Let’s call it “The Tom Brady Rule.” Among the many possible NFL rules changes submitted by teams this offseason, ranging from the absurd to the minutia-focused, is an example from the Rams
Let’s call it “The Tom Brady Rule.”
Among the many possible NFL rules changes submitted by teams this offseason, ranging from the absurd to the minutia-focused, is an example from the Rams that reveals just how difficult it is to defend Brady, according to CBS Sports.
Brady completed two forward passes on the same play in a Buccaneers-Rams regular season game. After his first attempt was batted backwards into his own hands, Brady then re-threw the ball and completed an eight-yard completion to Mike Evans.
Throwing two forward passes on the same play already is illegal and penalized by a five-yard penalty. But the Rams, who won that Week 11 game 27-24, found this to be a conundrum with no good options when asked to accept or decline.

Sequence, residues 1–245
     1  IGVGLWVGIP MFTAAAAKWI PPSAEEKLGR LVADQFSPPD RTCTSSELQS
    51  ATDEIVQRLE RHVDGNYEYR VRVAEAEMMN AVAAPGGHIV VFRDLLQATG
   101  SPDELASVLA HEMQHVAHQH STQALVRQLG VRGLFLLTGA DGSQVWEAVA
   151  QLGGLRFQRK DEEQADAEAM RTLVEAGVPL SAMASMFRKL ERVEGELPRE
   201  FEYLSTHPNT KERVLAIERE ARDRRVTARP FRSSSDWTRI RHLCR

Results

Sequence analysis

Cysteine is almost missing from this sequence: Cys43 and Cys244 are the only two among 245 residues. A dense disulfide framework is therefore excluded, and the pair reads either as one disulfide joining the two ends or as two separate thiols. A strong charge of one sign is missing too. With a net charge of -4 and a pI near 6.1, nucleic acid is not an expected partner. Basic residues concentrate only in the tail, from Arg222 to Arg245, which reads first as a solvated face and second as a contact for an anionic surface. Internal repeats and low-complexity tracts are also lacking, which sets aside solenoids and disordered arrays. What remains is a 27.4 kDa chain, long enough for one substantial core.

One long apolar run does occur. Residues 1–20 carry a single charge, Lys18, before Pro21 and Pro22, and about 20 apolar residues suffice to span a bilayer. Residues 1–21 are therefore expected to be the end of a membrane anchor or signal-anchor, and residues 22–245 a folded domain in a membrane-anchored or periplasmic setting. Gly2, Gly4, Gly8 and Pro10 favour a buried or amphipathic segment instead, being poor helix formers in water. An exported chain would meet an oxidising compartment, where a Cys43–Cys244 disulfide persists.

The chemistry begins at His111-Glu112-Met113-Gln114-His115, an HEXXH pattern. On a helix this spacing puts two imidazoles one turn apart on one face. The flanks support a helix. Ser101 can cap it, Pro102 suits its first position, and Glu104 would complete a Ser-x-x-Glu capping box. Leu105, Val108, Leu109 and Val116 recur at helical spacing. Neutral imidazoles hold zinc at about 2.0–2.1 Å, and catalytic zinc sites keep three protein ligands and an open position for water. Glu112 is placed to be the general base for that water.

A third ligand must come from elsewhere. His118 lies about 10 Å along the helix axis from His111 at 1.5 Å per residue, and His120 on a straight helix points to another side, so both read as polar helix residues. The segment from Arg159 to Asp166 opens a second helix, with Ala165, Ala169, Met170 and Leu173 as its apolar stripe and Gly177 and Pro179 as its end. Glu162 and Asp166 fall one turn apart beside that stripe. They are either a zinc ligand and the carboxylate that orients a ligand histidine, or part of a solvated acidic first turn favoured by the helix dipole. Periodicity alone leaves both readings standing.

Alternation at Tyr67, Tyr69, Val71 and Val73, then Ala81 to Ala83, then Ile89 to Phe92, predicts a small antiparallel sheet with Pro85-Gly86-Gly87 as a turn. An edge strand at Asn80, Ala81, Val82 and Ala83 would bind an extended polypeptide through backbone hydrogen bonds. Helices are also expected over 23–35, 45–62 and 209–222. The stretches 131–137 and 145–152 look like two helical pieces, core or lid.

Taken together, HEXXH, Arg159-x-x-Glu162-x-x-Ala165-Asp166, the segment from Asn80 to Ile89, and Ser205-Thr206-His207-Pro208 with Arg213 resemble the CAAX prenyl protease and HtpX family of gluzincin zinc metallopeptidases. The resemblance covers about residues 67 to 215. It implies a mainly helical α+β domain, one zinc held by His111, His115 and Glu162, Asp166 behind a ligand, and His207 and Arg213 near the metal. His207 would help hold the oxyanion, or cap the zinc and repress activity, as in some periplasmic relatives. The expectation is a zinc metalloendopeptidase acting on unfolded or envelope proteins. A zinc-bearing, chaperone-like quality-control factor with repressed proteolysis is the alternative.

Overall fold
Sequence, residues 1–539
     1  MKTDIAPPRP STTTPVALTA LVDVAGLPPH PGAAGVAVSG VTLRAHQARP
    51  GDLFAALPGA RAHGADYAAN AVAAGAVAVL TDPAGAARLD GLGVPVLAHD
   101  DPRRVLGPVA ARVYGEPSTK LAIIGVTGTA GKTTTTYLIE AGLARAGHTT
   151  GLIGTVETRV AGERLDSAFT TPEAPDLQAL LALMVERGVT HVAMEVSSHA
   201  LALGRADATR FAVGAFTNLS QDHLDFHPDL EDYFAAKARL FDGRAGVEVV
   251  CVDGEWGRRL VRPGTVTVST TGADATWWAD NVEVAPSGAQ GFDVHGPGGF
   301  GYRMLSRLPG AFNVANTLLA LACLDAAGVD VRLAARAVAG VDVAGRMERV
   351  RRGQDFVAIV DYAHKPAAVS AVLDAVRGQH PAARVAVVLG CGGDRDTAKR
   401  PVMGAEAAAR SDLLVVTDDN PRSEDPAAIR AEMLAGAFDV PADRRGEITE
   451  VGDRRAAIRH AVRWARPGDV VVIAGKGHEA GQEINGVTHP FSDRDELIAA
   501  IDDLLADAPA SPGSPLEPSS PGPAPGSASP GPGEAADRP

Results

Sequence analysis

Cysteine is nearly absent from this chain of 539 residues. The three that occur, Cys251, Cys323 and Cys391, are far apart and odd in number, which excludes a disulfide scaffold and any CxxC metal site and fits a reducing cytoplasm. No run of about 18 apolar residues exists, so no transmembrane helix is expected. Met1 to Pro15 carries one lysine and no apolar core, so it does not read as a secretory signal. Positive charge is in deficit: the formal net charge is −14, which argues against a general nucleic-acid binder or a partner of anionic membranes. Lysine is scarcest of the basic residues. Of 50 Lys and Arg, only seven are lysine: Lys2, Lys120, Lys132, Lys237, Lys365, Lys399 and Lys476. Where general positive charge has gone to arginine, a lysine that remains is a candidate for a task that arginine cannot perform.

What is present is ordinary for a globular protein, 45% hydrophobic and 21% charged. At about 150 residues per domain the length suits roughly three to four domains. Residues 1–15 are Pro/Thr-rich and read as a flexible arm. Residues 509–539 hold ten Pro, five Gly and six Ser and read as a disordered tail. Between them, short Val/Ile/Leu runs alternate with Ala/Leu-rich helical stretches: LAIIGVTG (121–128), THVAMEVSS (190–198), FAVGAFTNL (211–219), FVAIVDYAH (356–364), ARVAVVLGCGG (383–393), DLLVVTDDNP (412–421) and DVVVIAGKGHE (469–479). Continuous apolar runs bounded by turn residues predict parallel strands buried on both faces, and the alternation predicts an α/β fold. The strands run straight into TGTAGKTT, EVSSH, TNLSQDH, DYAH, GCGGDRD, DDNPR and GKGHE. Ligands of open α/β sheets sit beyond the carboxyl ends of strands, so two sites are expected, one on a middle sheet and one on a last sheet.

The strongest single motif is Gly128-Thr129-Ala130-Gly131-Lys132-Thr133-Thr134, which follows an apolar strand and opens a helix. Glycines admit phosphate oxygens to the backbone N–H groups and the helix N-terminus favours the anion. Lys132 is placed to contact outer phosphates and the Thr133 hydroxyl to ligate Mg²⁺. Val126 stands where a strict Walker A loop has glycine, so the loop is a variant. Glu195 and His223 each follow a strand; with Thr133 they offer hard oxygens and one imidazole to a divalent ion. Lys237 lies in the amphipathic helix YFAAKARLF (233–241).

Because Brady completed the second pass attempt, the Rams were left to choose between declining the penalty (giving the Buccaneers a manageable fourth-and-2 instead of fourth-and-10) or accepting the penalty (giving the Buccaneers another opportunity at third-and-15 instead of third-and-10).
In other words, their good defense on the play wasn’t fully rewarded.
So, the Rams’ rule change suggests that in this instance the penalty be five yards AND a loss of down, so the Buccaneers would’ve faced fourth-and-15. It’s a very logical rule change that should not find too much resistance.
It’s a rare instance when two forward passes are attempted on the same play. It usually means one was batted back to the quarterback.
But then-Titans quarterback Marcus Mariota actually threw a touchdown pass to himself in a playoff game against the Chiefs in January 2018. He caught his own first pass and then ran for the end zone, rather than trying to throw the ball a second time.
This story originally appeared on: NyPost - Author:Ryan Dunleavy